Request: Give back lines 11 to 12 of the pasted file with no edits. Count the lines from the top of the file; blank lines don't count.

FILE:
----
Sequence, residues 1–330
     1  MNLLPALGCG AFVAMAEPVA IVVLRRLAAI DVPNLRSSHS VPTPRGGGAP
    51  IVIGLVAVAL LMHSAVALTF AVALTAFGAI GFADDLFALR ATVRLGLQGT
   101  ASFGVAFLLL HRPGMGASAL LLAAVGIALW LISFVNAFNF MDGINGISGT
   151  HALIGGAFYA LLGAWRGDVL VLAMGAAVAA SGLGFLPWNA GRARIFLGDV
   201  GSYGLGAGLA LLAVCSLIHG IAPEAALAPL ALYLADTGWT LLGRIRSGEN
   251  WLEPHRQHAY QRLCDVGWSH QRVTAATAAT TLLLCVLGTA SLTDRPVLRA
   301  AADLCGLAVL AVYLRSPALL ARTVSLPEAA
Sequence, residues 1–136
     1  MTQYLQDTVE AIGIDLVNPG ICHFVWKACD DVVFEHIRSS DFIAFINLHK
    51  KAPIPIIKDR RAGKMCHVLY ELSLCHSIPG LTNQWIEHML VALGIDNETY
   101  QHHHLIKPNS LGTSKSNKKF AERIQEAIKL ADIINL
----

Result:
    51  KAPIPIIKDR RAGKMCHVLY ELSLCHSIPG LTNQWIEHML VALGIDNETY
   101  QHHHLIKPNS LGTSKSNKKF AERIQEAIKL ADIINL